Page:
We’ve all been in the car when the person in front of you holds up the entire line of traffic because they’re too busy with their phone instead of paying attention to the red light. Seems pretty harmless, right? Wrong. What’s at stake isn’t a missed green light, but rather the thousands of lives lost every year because people can’t put down the phone.
Distracted driving accidents and deaths are staggering. It’s the leading cause of death among teens (16-19 year olds), and a root cause of the rise in pedestrian deaths (up by 19% since 2009). The average driver is 23 times more likely to be in a crash while texting and driving, and 12 times more likely if dialing from a phone.
Many choose to engage in risky behavior while driving. We are distracted while driving, which in truth is anything that diverts our attention from the primary task of navigating a vehicle. That is anything that visually, manually or cognitively distracts.
Simply put, distracted driving is any one combination, or all three of these:
Visual distraction – Taking your eyes off the road.
Manual distraction – Taking your hands off the wheel.
Cognitive distraction – Taking your mind off driving.
Distractions most often include things like using a cell phone or texting, but also eating, taking selfies, brushing your teeth, using in-car GPS, shaving, putting on makeup etc. Believe it or not, people report doing this. While any of these distractions can endanger the driver and others, phone use is the most common and worst offender because it combines all three types of distraction.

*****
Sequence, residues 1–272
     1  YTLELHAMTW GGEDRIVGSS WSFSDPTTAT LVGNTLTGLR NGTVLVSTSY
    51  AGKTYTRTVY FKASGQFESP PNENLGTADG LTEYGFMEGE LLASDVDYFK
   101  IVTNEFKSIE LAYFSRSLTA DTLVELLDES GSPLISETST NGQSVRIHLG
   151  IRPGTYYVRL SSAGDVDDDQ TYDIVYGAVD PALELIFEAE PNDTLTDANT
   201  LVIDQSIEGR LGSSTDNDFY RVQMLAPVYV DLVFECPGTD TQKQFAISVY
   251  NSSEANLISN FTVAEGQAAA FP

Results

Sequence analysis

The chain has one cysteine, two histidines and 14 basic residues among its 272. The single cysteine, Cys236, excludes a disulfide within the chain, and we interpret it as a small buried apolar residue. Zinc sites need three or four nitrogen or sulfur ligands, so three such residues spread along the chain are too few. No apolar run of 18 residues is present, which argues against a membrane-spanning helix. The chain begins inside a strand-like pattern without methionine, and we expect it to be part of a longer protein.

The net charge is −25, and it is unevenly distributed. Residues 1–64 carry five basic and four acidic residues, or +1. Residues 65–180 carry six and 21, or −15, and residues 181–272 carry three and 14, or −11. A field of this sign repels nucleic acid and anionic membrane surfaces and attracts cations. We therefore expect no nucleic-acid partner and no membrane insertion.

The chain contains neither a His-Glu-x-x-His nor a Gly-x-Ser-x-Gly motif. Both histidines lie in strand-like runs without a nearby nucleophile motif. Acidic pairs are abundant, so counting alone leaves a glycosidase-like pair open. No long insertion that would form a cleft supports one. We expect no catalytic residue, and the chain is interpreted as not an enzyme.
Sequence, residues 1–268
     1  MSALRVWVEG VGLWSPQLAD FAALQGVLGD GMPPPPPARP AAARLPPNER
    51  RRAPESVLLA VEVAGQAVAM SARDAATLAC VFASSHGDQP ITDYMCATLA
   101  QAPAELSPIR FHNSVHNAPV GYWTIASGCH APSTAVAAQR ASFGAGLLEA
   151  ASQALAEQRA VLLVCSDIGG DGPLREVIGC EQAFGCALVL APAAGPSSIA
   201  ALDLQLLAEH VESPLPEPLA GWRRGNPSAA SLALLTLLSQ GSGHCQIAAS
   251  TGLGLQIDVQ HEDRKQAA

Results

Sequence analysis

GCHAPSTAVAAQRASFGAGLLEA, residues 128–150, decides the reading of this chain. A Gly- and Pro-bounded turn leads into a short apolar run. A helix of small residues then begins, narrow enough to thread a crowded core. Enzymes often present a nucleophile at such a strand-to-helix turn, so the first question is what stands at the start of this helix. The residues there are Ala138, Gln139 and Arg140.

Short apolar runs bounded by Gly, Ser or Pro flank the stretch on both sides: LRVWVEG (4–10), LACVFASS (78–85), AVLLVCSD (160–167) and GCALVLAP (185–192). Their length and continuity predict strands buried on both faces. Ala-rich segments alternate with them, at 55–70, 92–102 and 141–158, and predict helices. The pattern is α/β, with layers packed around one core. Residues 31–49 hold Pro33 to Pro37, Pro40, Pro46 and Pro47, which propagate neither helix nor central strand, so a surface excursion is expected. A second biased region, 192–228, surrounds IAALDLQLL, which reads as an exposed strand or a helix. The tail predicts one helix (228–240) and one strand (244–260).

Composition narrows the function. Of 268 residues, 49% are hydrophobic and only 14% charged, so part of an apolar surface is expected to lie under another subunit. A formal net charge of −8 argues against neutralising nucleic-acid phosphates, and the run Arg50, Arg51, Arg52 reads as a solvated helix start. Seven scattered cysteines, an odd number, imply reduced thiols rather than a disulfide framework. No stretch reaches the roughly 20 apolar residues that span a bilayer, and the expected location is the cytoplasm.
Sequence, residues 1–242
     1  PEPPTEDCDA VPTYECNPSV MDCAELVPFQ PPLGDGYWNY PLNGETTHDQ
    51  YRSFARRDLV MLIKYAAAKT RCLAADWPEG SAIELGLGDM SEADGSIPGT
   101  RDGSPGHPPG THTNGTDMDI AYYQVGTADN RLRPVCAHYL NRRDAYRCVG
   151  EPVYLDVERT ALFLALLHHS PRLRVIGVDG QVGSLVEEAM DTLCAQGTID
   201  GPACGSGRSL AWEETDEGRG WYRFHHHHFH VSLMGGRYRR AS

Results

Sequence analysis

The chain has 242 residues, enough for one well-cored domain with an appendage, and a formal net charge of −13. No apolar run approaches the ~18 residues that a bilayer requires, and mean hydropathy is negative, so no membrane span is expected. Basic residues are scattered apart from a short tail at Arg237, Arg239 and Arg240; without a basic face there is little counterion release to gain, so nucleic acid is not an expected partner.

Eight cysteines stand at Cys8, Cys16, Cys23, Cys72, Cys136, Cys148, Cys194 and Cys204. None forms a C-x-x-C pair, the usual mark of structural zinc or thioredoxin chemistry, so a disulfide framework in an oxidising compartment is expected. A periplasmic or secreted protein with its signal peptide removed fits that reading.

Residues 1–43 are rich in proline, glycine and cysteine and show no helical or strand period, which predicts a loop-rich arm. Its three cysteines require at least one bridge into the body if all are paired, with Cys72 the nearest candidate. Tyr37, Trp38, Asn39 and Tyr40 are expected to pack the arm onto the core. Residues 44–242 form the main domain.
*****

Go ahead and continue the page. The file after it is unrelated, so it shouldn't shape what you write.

Here’s the truth – more than 30% of drivers admit to reading a text or email while driving. Nearly a third of drivers said they typed a message while driving. 75% of people say they’ve seen others using their phone while passing them. Yet 80.6% of drivers overall say it’s a completely unacceptable behavior.
It’s so unacceptable, in fact, that text messaging is banned for all drivers in 46 states and the District of Columbia. Because the reality is that texting (writing or reading) takes your eyes off the road for an average of 4.6 seconds, which at 55 MPH is like driving the length of a football field – BLINDFOLDED!
Drivers have the illusion (definition: something that is likely to be wrongly perceived or interpreted by the senses) of being in control. We believe that doing it just once won’t hurt. And as a society we’ve accepted multitasking without question. Virtually all of us spend part or most of our day either rapidly switching from one task to another or juggling two or more things at the same time. While multitasking may seem to be saving time, psychologists, neuroscientists and others are finding that it can put us under a great deal of stress and actually make us less efficient.
Studies show that you can handle two things at a time when one of those things is routine (as compared to something that requires real concentration – i.e. walking vs driving). And further evidence suggests that mastering a single activity (like driving) to the point it becomes automatic is unlikely to make you better at multitasking.
Unsafe driving behaviors set a precedent for our young drivers who have neither the experience nor precision to calculate such risk. Teen drivers are actually the most at risk driving demographic due to distracted driving. They are three times more likely to be involved in a fatal crash and that number is only rising.
What can we do? Distracted driving is completely preventable, but it requires that we change our behavior. We need to put the phones down (out of reach, turn off the ringer etc). Not be enticed by the momentary need to respond or solicit a response, because it can wait. And the truth is you are not in control if you aren’t focused on the task at hand, which is “driving.”
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